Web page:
Trees: An essential part of stormwater management

Ever heard of the term “stormwater runoff”? It refers to rainfall that does not seep into the ground and instead flows over the ground surface and into our sewer or drainage systems. In urban and suburban areas, where there is an abundance of sidewalks, roads and other paved areas, stormwater management is becoming an increasingly complicated and costly problem. But, trees can help! Not only are they are a cost-effective way to reduce flooding, they also provide countless co-benefits such as shade, air purification, beauty and privacy.


Our towns, cities and suburbs have a high percentage of impermeable surfaces, such as paved roads, parking lots, driveways and sidewalks, which surround houses, buildings and other built structures that are impermeable themselves. When it rains, we take it for granted that the water runs away into drains. However, a rainfall event can have major environmental and economic impacts when stormwater drains become overwhelmed and lead to flooding. Municipal managers are looking for creative and cost-effective solutions for stormwater management – and that’s where trees can help!



By intercepting rainfall, tree canopies slow down and redirect raindrops as they fall. Some of these raindrops remain on the leaves and branches and later evaporate back into the atmosphere. Other raindrops flow down the branches and tree trunks to the ground below.  If the surface is permeable (such as a garden bed or lawn), the water percolates into the soil rather than running off. Some are taken up by roots systems of the tree and nearby vegetation and the rest continues downward to replenish groundwater. This incredibly valuable ecological service is provided free of charge by the tree! Compare that to the cost of moving and treating huge volumes of stormwater and it’s easy to see why trees are such a cost-effective solution.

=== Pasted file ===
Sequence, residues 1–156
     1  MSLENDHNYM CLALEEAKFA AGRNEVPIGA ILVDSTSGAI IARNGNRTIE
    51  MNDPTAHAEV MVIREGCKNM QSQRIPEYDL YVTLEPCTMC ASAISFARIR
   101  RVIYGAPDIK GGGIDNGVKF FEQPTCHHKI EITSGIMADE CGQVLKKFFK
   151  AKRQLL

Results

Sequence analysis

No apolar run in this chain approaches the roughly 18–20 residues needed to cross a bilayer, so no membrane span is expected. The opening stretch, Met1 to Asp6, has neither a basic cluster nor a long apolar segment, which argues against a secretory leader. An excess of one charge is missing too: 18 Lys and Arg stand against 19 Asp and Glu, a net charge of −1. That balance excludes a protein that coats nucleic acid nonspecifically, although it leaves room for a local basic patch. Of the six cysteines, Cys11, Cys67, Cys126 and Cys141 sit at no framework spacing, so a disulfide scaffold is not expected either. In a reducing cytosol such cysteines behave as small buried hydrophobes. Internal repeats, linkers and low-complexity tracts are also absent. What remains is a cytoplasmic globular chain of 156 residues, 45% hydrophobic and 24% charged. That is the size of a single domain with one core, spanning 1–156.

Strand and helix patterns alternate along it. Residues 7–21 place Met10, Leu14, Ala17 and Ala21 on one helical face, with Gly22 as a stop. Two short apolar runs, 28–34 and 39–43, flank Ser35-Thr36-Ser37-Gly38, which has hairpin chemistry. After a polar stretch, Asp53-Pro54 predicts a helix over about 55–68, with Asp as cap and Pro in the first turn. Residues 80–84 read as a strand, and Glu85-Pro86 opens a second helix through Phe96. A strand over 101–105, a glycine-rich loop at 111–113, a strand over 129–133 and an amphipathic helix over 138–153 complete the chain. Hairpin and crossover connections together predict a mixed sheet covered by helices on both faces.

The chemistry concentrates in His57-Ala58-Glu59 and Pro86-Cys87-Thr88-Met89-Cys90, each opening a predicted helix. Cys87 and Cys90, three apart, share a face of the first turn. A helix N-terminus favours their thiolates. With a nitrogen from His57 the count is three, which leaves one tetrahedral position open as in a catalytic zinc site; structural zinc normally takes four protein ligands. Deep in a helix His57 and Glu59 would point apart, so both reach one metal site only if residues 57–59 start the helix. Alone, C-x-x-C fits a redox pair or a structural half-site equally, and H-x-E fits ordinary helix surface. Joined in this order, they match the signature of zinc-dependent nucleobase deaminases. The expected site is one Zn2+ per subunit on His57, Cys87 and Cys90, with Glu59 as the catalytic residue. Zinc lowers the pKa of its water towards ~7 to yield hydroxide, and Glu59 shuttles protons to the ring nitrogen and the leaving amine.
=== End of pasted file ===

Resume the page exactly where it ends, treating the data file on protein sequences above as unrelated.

Though one tree’s impact may seem limited, the combined effect of urban and suburban trees is impressive. Some forward-thinking municipalities are striving to grow their urban tree canopies on both public and private property. The stormwater benefits, together with many co-benefits such as shade, air purification, beauty and privacy, make the modest planting investment well worth it!




The Town of Newmarket is a model municipality which is creatively managing their stormwater programs. The Town has partnered with LEAF to provide residents with a stormwater rebate, as part of their Stormwater Credit and Recognition Programs. Newmarket residents participating in the LEAF subsidized Backyard Tree Planting program will enjoy an additional $100 rebate, courtesy of the Town of Newmarket. One rebate per property per year is offered, while supplies last. Residential, multi-unit properties, such as townhomes, may also qualify.


Contact LEAF today to learn more about the program and how it can help ensure you get the right tree in the right place at a low cost! Find out more about the LEAF Backyard Tree Planting program here.




Daniela Serodio is the Marketing and Communications Coordinator at LEAF.